« on: June 06, 2014, 12:41:30 am »
It might be too much to lay on a bartender on a Spring afternoon, he considered, pushing open the heavy wooden door to the pub. The day was bright and the inside was dim. His eyes took a moment adjusting but before that there was a smell. Mike knew it as soon as his hand cracked the door open a fraction of an inch.
He stepped inside, let the door swing shut behind him, his eyes closed tightly to hurry their adjustment and for that time, in two breaths, in a hundred thoughts, in a passing series of reactions, there was that smell. The smell of some weeks past, walking into a crime scene he was told would be strange but didn’t prepare him for the paled faces of the uniformed officers or the hole in everything he thought to be true. He opened his eyes.
A half dozen or so stained glass light fixtures hung down from wooden beams on the ceiling, big round bulbs poking out of them. They colored the gouged tabletops a shade of brownish orange and lent a bit of yellow to the green cushions on the chairs and booth benches. The hardwood floor below was warped and far in the back a scratched pool table held up a half finished game, the cues abandoned and rolled away from the table. The bar itself was a row of red topped stools and ringed stains and four beer taps and one occupant, sitting at the center of the bar. No bartender was in sight. The man before him was alone in the pub.
“Afternoon,” he said without turning. He wore a green quilted vest over a blue work shirt with the sleeves rolled up to his elbows. His skin was flush red and he had a long grey beard and a bald pattern reaching back from his forehead. Mike couldn’t see his eyes and it bothered him somehow.
“Afternoon,” Mike said. He remained by the door then, resigning himself, walked over and took a seat by the man, one stool between them.
“You must be a friend of mine,” the man said, “been making a lot of those lately.”
Mike wouldn’t be needing that beer after all. On the far side of the old man, across the bar he spied a half empty bottle of Evan Williams. He got up, sliding the barstool across the floor, and walked around the old man. He grabbed the bottle and an upturned tumbler and poured himself a few fingers. The other man held his own glass out toward him, again without looking, and Mike obligingly topped the glass with the golden brown whiskey. He walked back around to the spot he’d first chosen. It was closer to the door.
Mike took a drink. He laid his glass down on the countertop with a thud and picked it up and took another drink. “I thought you were gone,” he said finally.
“I mean, gone gone. Beyond the Veil gone.”
“Ah,” the old man said. He inclined his head toward Mike and Mike got the impression he was looking at him with the corners of the eyes he could not see. “The Veil. That’s what you’re calling it.”
“Is there another word?”
The man pulled air in through his teeth. “Been a few over the years. The Beyond, the Great Outter Dark - fond of that one, myself, and so on. Nobody seems to want to call it what it really is.”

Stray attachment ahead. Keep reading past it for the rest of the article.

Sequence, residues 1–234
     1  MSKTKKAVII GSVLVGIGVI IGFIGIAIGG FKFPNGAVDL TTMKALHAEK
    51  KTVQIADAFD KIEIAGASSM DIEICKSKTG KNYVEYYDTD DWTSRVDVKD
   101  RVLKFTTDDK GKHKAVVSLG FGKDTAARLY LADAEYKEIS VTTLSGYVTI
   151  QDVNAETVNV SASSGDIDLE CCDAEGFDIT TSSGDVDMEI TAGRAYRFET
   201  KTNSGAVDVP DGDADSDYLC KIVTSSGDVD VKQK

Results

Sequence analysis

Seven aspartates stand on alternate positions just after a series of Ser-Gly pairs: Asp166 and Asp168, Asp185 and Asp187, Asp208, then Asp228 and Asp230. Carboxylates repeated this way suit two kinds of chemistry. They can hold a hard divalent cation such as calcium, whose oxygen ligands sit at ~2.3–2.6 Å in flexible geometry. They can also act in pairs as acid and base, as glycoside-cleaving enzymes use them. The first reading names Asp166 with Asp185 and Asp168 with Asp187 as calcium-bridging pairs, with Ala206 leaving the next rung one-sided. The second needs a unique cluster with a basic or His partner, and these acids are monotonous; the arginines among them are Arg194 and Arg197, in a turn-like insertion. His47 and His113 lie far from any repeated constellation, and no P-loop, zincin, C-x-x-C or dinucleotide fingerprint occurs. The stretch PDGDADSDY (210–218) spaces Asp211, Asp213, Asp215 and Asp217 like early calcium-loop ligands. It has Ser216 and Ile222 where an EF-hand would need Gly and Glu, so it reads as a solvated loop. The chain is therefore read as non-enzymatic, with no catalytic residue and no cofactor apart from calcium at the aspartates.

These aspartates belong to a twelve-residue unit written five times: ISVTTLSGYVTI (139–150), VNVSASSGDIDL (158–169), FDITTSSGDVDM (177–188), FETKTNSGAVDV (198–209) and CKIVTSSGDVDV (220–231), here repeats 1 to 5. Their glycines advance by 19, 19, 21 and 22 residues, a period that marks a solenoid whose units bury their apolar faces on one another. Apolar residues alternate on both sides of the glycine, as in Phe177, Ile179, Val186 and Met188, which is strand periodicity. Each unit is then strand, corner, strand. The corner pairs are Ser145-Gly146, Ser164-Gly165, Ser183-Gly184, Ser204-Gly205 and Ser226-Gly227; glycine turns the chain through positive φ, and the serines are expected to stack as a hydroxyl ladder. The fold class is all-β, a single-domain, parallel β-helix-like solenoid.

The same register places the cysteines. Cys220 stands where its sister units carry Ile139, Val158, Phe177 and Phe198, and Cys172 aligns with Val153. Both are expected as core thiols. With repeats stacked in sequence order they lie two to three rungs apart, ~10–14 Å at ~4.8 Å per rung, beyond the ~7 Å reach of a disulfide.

“And what is it?” Mike could hear a clock ticking away in the room and it was like a joke.
“Everything Else,” Mike repeated.
“Yeah. There’s everything - you, me, this fine glass of whiskey,” he took a pull from his glass, “there’s the Sun and Chinamen over in China. And then there’s Everything Else. Most folks don’t know about everything else but you, you and I, we know about Everything Else. You learn about everything else and you can just tell who knows and who doesn’t.” The man looked at Mike again without really looking at him. “You knew who I was the moment you walked in here. I knew the same about you. Same about that other son of a bitch came through here a few hours ago.”
“You met Sid,” Mike said.
“Wasn’t like you,” the man was slurring his words. “Dangerous, like.”
“Oh I’m sure he’s not dangero-”
“I’m telling you,” the old man cut him off sharply, “I’m telling you he’s dangerous.”
“What did he say to you,” Mike asked him.
“He was excited. Beside himself. Practically giggling and thanking me, kept on thanking me for everything I done. Kept telling him I didn’t do nothing. I didn’t do nothing but get greedy and stupid and then I came to the bar and I ain’t left since.”
“You’ve been here the whole time?”
“Always been here. Only sometimes I’m in Everything Else but even when I’m there I’m still here. Never know which is which. Can’t see anything since it happened,” and the old man turned to look at Mike for the first time.
Mike looked him straight in the face and still couldn’t see his eyes. They were not closed, they were not missing. There was no hole but Mike looked at him right where his eyes were and he couldn’t see them. He shuddered deeply and drank the rest of his whiskey.
“Sid tell you where he was going,” Mike asked.
“Don’t think he quite knows himself.”
Mike absently threw a few dollars on the bartop for whenever the bartender came back. He stood up, scraping the stool against the floor again.
“Ever going back to your apartment,” Mike asked the old man.
“Not mine no more.”
Mike nodded and left the man to the pub he’d be in forever.